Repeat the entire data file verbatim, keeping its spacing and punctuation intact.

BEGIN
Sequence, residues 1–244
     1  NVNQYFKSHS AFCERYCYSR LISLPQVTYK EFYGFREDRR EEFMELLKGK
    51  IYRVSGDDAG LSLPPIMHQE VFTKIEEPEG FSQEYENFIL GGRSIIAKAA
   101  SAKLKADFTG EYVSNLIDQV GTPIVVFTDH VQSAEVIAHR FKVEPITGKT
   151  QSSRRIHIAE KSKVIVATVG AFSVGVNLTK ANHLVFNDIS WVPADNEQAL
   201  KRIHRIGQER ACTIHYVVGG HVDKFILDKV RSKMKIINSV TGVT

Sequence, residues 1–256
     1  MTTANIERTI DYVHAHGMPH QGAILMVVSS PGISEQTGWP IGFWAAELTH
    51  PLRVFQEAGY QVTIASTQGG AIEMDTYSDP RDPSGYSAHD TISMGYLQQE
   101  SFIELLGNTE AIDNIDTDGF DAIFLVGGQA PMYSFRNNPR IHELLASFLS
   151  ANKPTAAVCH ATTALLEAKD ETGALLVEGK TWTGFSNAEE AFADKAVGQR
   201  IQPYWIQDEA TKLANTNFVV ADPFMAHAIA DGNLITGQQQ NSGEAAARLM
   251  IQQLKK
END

Sequence, residues 1–244
     1  NVNQYFKSHS AFCERYCYSR LISLPQVTYK EFYGFREDRR EEFMELLKGK
    51  IYRVSGDDAG LSLPPIMHQE VFTKIEEPEG FSQEYENFIL GGRSIIAKAA
   101  SAKLKADFTG EYVSNLIDQV GTPIVVFTDH VQSAEVIAHR FKVEPITGKT
   151  QSSRRIHIAE KSKVIVATVG AFSVGVNLTK ANHLVFNDIS WVPADNEQAL
   201  KRIHRIGQER ACTIHYVVGG HVDKFILDKV RSKMKIINSV TGVT

Sequence, residues 1–256
     1  MTTANIERTI DYVHAHGMPH QGAILMVVSS PGISEQTGWP IGFWAAELTH
    51  PLRVFQEAGY QVTIASTQGG AIEMDTYSDP RDPSGYSAHD TISMGYLQQE
   101  SFIELLGNTE AIDNIDTDGF DAIFLVGGQA PMYSFRNNPR IHELLASFLS
   151  ANKPTAAVCH ATTALLEAKD ETGALLVEGK TWTGFSNAEE AFADKAVGQR
   201  IQPYWIQDEA TKLANTNFVV ADPFMAHAIA DGNLITGQQQ NSGEAAARLM
   251  IQQLKK